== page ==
Beyond the cleanup efforts, the face of Tanjong Rhu has also been altered by the land reclamation south of the cape which has increased its land mass. The land reclamation, started in the early 1970s, was originally intended to allow for the construction of the East Coast Parkway and was further expanded to give the area now referred to as Marina East – at the tip of which the Marina Barrage now closes the channel between it and Marina South which has turned Marina Bay and the Kallang Basin into a huge reserve of a much needed resource, fresh water. The shifting out of the trades from the area were complete by the time the mid 1990s had arrived and allowed much of the northern waterfront area of Tanjong Rhu to be developed into a residential area and the basin into a recreational area that it is today.

[see also: Where slipways once lined the muddy banks of the Geylang River: Jalan Benaan Kapal]




7 responses

15 02 2017
Kim Hocker

I was a US naval officer during the Vietnam situation, and indeed took a patrol boat from Danang to Vosper Thornycroft Singapore for overhaul before turning the vessel over to the Viet Navy. This was late fall of 1969.

I will visit Singapore on the 22nd to 25th of this month and am curious about the current state of this whole area, then known as Katong.

15 02 2017
Jerome Lim, The Wondering Wanderer

Hello Kim,

Tanjong Rhu – where Vosper Thornycroft Singapore was located has changed quite a lot and you probably wouldn’t recognise any of it, but if you wish to have an appreciation of what has become of the area, a good way to do it is from the Singapore Flyer:


On Katong, there has been quite a fair bit of reclamation that has altered the area. A public housing estate built in the mid-1970s now stands between it and the sea. A number of condominium developments have also come up in some places. However, there are still parts of the old Katong to be found – in the area around East Coast Road and Joo Chiat Road. You will find an excellent guide booklet on the area that can be downloaded at this link: If you are looking to join a tour of the area, BetelBox Tours runs excellent walking tours of it and are highly recommended:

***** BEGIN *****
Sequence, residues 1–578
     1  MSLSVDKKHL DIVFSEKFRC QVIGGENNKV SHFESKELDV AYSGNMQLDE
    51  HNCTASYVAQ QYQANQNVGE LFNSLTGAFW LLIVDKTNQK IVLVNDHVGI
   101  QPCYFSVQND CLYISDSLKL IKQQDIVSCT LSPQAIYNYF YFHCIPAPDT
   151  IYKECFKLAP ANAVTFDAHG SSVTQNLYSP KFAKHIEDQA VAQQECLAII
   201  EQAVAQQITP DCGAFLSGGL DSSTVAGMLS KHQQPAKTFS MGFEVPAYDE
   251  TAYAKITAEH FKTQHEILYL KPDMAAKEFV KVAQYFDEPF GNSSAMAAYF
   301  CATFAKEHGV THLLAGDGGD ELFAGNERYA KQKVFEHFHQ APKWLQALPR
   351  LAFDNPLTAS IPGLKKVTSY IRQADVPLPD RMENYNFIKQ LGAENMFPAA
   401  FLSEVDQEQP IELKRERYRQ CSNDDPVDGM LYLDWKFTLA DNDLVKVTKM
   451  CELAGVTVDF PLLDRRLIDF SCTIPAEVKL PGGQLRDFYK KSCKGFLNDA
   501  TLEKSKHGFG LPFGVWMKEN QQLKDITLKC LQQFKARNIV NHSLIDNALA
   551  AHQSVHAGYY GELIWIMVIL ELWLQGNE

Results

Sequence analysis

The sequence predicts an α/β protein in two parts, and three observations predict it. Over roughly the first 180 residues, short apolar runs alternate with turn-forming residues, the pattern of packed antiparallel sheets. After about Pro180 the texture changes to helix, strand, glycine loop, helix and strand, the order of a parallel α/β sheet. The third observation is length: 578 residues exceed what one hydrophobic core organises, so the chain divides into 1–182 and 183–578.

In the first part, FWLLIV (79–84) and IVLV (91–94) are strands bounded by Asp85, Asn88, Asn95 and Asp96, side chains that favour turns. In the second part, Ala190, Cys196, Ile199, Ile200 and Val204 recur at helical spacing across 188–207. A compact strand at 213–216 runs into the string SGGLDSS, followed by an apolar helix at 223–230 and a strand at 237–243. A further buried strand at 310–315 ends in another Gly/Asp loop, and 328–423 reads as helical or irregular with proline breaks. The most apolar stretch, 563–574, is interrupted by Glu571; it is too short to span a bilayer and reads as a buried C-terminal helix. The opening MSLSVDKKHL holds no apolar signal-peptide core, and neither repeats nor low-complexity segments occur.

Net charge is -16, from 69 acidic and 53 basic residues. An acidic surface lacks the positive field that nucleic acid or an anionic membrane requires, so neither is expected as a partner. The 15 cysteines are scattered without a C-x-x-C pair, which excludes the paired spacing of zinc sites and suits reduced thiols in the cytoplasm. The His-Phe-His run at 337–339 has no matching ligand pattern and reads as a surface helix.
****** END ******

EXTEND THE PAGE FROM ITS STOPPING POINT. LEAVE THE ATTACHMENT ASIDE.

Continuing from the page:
I hope you have a great time in Singapore!



16 02 2017
Kim Hocker

Jerome Lin:

Thank you for your reply, and suggestions. I was there for three months and it was quite instrumental in the education of a then 24 year old Ltjg. I had a flat in Katong, probably a 10 minute walk to the shipyard, past the then Singapore Swim Club (which I had a monthly membership). Down the street was the Katong Grange, which was a boarding house of sorts for the English, complete with pub and two clay tennis courts, where I had occasional matches with locals including the North Vietnamese Ambassador to Singapore. It was quite a respite from my time in Danang, Vietnam and patrol.

Look if interested I am sure I have some old 35 mm slides of Singapore then, included I am sure some of the Vosper Thornycroft facility. They are no longer of any use to me. If of interest to you I will bring them to you when I reach Singapore. Please let me know.

Again, your reply is most appreciated,

Kim Hocker

16 02 2017
Jerome Lim, The Wondering Wanderer

Hi Kim,

Thank you for the additional information. 3 months is a long time to spend in Singapore! The Singapore Swimming Club is still around, but is a lot more modern looking now having been rebuilt. It seems quite amazing that you played tennis with the North Vietnamese Ambassador. The conversations you may have had with him would have been interesting!

Thank you also for the generous offer of the 35mm slides you have of old Singapore. If it isn’t too much trouble to bring them with you, I would be glad to have them. 🙂


17 02 2017
Kim Hocker

Mr Lim:

It will be my pleasure to provide you with the slides. I cannot speak of their photographic quality, but perhaps one or two may be of interest.

Obviously, I do not know your schedule. I will be treating myself to the Mandarin Oriental starting the evening of Feb 22nd until Sunday morning the 26th. May I suggest a breakfast meeting any of those available days, or perhaps an evening drink? Naturally, my schedule is pretty wide open. I would love to learn more of Singapore since the early days of the first Mr Lee. It is a fascinating city-state, and you are fortunate to live in such an enterprising place.

My US cell phone number is 831 594-6183, and I can readily receive both text and phone; plus I will have my laptop for any additional emails. I do depart from California tomorrow en route to Taipei for a short visit with some former business friends.

Looking for to re-visiting Singapore,

Kim Hocker

21 02 2017
Jerome Lim, The Wondering Wanderer

Hello Kim, I will send you a reply by email.


21 02 2017
Kim Hocker

Thank you. I just finished sending you a new email.